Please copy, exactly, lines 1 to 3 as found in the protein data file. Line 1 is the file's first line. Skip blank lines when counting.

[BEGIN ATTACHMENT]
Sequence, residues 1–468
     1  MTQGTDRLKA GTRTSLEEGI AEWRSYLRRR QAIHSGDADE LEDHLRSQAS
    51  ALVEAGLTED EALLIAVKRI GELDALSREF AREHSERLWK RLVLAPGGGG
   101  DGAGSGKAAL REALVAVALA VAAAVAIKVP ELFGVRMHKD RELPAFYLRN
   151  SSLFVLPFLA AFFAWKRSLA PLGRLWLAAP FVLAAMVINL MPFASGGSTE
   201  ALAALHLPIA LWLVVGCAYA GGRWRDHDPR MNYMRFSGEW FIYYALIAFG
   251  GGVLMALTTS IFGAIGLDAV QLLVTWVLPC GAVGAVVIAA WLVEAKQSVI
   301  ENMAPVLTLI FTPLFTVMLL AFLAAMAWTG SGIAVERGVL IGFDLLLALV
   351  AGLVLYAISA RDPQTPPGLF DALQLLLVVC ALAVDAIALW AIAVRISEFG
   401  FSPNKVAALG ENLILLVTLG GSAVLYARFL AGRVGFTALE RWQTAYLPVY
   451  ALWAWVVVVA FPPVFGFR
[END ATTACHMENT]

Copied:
Sequence, residues 1–468
     1  MTQGTDRLKA GTRTSLEEGI AEWRSYLRRR QAIHSGDADE LEDHLRSQAS
    51  ALVEAGLTED EALLIAVKRI GELDALSREF AREHSERLWK RLVLAPGGGG